Police State Rising:  The Function of Surveillance in Orwell’s 1984


Mark Poster’s comments on the Foucauldian concept of “governmentality,” which the French philosopher developed in a 1978 essay, are relevant here.  In terms of the amount of control exerted by authorities, “governmentality” went beyond mere “sovereignty” of monarchs in the Early Modern Period:  “Also known as bio-power, governmentality extended the reach of the state in a productive if highly dangerous manner.  One feature of bio-power that has been of interest to many scholars is the state’s need to gather vast amounts of information about the population in order to pursue effectively its goal of regulation.  With the advent of computer databases, something Foucault himself did not address as a problem, the knowledge gathered by states (and corporations) dramatically expands in scope and, through its speed of access, effectiveness.  I have labeled this coupling of governmentality and computers a ‘super-panopticon’ to indicate its connection and difference with Foucault’s analysis of the panopticon in Discipline and Punish” (Poster, pp. 359-360).


Foucault’s comments on surveillance provide a convenient theoretical framework for 1984, one that, in effect, acts as a supplement to the written principles of “Goldstein,” O’Brien, et.al. Indeed, the ending of 1984, in which Winston is imprisoned, intimidated, and eventually “converted,” thanks to the efficacy of surveillance techniques in Oceania, has few fictional counterparts for demonstrating the tactics of repressive governments.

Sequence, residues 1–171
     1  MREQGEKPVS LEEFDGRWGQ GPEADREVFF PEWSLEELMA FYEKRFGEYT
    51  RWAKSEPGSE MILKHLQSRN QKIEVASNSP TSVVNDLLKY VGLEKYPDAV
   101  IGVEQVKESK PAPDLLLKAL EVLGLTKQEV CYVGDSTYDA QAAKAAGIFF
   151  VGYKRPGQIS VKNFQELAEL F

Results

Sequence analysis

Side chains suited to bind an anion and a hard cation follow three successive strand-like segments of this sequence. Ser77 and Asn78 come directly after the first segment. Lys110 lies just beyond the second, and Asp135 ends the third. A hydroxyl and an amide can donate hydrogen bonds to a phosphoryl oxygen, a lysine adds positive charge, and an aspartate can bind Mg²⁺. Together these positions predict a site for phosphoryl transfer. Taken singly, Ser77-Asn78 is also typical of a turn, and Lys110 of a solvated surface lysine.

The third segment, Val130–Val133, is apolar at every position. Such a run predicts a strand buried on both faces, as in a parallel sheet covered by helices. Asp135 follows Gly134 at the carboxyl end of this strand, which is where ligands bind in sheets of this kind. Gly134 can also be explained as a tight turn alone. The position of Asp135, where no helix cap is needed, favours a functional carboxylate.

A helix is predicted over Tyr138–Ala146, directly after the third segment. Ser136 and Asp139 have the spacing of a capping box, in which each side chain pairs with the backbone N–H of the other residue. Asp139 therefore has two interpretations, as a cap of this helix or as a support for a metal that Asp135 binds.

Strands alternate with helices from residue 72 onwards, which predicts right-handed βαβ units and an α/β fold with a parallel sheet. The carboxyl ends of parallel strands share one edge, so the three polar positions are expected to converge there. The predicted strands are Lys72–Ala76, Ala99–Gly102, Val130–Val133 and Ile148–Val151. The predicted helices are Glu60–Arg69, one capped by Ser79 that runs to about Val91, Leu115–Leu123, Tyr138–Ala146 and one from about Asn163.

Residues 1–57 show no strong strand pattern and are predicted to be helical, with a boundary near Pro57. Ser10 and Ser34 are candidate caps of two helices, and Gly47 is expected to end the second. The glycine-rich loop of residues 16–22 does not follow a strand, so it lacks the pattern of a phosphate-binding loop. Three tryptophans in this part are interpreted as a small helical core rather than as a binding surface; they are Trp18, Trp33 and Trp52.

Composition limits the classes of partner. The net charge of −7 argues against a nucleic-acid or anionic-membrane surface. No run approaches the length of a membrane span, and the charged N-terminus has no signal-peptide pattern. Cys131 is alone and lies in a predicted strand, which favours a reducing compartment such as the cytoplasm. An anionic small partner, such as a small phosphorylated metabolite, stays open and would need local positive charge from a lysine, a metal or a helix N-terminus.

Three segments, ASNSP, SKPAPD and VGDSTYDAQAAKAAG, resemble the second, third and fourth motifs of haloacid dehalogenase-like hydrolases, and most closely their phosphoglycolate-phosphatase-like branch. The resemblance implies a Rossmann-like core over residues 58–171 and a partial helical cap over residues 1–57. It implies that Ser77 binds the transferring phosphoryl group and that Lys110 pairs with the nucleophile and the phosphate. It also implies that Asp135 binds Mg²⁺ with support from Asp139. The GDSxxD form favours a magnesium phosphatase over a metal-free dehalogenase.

The milieu in 1984 is more Foucauldian than Benthamesque, more power-driven than people-driven. It is in the last part of the novel, during Winston’s conversation in prison with O’Brien, that his formal political education, begun by his reading of selected chapters of “Goldstein’s” work, is completed by O’Brien.  For Winston, in fact, it seems to be O’Brien, not Big Brother, who is the embodiment of the State.  O’Brien informs Winston unequivocally what the Party’s true goal is: “’The Party seeks power entirely for its own sake.  We are not interested in the good of others; we are interested solely in power...pure power’” (p.135).  And, O’Brien continues, “‘Power is in inflicting pain and humiliation.  Power is in tearing human minds to pieces and putting them together again in new shapes of your own choosing’”(p. 177).


Winston learns that the Thought Police have been watching his every movement for seven years.  They know everything about him; no diary entry, no gesture, virtually no thought of his has remained outside their detection.  Now he must endure the Party’s sadistic punishments:  the unending inquisitorial sessions, the unmerciful beatings on every part of his body, the excruciating electroshock treatments, all within the subterranean confines of the ironically named Ministry of Love.  O’Brien says Winston is insane and must be cured; i.e., he must abandon his individual views and ideas, in favor of those demanded by the Party.  In spite of much resistance, he finally yields to the Party doctrine that there is no objective past or reality or truth: they are all determined by the Party.


Winston’s re-education, or “‘reintegration,’” to use O’Brien’s term, has three stages: “‘There is learning, there is understanding, and there is acceptance’” (p. 173).  Winston successfully passes through the first two stages, the intellectual stages, which entail knowing and obeying Party requirements.  He has yet to attain the third and highest stage:  acceptance, which implies total emotional alteration.  When asked about his true feelings towards Big Brother, Winston replies to O’Brien, “‘I hate him.’”  It is not enough, O’Brien responds, merely to obey: “‘You must love Big Brother’” (p.187).